Use this URL to cite or link to this record in EThOS: https://ethos.bl.uk/OrderDetails.do?uin=uk.bl.ethos.780046
Title: Identifying the metabolic 'Achilles heel' of adult and paediatric glioblastoma multiforme
Author: Wood, James
Awarding Body: University of Nottingham
Current Institution: University of Nottingham
Date of Award: 2019
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Abstract:
Despite substantive efforts to characterise glioblastoma multiforme (GBM) at the molecular level, improvements to the overall survival of patients have yet to be seen within the clinic. Intratumour heterogeneity describes the co-existence of several subpopulations of GBM cells that are genetically distinct. This phenomenon provides one mechanism by which GBM recurs via the presence of resistant subclonal cells. However, questions remain as to whether cancer cell metabolism demonstrates the same level of heterogeneity given the metabolic regulatory role of several oncogenes and tumour suppressors. We applied liquid chromatography-mass spectrometry to profile the metabolome and lipidome of tumour fragments sampled from adult GBM patients. The extent of heterogeneity in metabolomic and lipidomics profiles differed between patients but was predominantly observed between non-invasive and invasive regions. Evidence for normal brain metabolism influencing the metabolomic profile of the invasive region was detected, calling for isolation of the tumour cell component. Despite this caveat, dysregulated proline metabolism was identified for further mechanistic and therapeutic study. The identification of intratumour metabolic heterogeneity in GBM has therapeutic implications in terms of the utilisation of single-agent therapies targeting metabolism. However, elucidation of a metabolic dependency in GBM cells representing an 'Achilles heel' may circumvent intratumour genetic heterogeneity. Glucose is not the only nutrient utilised by cancer cells. The dependence of GBM cells on external sources of lipid and cholesterol species in the form of lipoproteins was assessed to determine the consequences on cellular viability and metabolism. Growth inhibitory responses were demonstrated under lipoprotein deficient conditions, associated with cell line-specific responses indicative of different metabolic stress responses in adult and paediatric GBM. Consistent observation of reduced cellular cholesterol levels across all cell lines presented a metabolic vulnerability that was pharmacologically replicated using liver X receptor (LXR) agonists. The identification of reduced cellular viability following exposure to LXR agonists and transcriptomic responses associated with a reduced proliferative response provide impetus for further drug development in terms of combination strategies and alleviation of deleterious side-effects.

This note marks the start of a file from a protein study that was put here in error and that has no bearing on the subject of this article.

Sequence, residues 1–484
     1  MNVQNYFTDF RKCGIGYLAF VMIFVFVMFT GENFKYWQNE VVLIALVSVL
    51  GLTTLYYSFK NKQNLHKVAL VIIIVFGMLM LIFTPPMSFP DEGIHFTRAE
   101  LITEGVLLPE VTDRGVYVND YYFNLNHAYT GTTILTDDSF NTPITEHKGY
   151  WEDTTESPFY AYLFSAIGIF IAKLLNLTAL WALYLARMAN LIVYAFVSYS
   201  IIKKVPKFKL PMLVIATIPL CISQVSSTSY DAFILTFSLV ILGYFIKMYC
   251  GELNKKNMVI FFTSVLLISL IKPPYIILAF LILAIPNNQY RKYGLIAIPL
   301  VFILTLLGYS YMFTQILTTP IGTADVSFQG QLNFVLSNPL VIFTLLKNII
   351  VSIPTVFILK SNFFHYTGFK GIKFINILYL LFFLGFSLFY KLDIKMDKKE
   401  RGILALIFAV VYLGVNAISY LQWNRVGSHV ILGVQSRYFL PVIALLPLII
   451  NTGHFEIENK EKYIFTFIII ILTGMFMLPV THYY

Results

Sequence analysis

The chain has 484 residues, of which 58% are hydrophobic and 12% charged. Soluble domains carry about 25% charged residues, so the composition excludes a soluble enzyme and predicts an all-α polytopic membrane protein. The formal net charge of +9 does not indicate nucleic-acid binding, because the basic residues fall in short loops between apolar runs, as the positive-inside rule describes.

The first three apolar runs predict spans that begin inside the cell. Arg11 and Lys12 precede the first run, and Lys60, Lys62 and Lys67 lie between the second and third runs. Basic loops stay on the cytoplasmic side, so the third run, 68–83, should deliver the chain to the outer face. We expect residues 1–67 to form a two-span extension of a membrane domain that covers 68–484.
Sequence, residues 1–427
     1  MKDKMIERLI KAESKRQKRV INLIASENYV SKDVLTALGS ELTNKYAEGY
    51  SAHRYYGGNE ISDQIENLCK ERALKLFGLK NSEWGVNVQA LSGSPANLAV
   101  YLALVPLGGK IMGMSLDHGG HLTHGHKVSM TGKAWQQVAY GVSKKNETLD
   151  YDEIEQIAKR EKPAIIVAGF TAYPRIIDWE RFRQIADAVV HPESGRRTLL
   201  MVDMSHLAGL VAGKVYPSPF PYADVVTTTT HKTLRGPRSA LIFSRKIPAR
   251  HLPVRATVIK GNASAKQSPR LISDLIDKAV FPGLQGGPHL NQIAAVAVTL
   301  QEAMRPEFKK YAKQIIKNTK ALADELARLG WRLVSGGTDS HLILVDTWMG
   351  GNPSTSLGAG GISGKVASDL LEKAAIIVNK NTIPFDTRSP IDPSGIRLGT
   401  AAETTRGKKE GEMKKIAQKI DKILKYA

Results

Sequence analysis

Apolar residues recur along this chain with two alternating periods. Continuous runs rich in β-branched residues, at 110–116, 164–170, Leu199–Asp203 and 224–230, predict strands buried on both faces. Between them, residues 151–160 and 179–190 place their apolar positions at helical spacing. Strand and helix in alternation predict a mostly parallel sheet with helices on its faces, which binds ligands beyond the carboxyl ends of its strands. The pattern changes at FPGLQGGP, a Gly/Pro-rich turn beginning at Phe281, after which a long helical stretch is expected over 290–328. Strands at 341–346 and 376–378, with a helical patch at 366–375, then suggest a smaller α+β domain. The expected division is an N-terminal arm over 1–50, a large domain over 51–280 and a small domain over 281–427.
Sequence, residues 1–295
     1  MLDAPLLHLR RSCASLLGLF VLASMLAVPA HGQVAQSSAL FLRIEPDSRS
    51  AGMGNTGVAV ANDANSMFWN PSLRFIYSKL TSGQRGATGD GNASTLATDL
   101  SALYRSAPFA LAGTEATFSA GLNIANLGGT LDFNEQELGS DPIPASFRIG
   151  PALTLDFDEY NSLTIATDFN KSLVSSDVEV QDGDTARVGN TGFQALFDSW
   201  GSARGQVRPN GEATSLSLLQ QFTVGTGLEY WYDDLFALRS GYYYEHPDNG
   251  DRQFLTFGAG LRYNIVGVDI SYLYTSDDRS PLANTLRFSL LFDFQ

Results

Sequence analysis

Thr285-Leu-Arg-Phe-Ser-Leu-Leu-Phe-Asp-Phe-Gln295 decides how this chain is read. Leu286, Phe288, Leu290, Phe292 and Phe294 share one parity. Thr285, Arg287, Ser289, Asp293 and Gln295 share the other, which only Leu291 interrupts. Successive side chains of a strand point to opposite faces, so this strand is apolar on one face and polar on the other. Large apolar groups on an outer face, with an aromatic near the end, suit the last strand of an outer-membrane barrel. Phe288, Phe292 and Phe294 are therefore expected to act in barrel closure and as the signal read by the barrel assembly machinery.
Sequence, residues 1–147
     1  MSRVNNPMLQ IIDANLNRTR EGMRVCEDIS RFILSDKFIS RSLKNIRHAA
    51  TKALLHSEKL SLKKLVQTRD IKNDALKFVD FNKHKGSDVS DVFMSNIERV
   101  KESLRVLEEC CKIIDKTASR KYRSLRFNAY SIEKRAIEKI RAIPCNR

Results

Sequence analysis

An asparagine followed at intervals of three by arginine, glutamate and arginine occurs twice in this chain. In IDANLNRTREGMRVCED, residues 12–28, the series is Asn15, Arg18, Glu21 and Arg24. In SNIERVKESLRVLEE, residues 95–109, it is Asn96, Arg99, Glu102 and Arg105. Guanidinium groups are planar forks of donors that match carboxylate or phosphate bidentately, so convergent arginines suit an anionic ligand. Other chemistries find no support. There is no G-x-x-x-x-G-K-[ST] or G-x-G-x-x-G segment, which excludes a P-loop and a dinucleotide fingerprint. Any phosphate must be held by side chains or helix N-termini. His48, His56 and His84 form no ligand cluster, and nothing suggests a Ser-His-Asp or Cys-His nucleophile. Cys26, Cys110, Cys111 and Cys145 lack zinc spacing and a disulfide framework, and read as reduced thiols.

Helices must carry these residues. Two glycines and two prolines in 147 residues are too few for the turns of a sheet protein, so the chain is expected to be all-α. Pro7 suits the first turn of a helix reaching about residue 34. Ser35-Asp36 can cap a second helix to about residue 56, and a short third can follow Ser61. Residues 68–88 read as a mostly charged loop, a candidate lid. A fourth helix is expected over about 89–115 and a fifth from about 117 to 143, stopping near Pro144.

Supervisor: Not available Sponsor: Not available
Qualification Name: Thesis (Ph.D.) Qualification Level: Doctoral
EThOS ID: uk.bl.ethos.780046  DOI: Not available
Keywords: QZ Pathology
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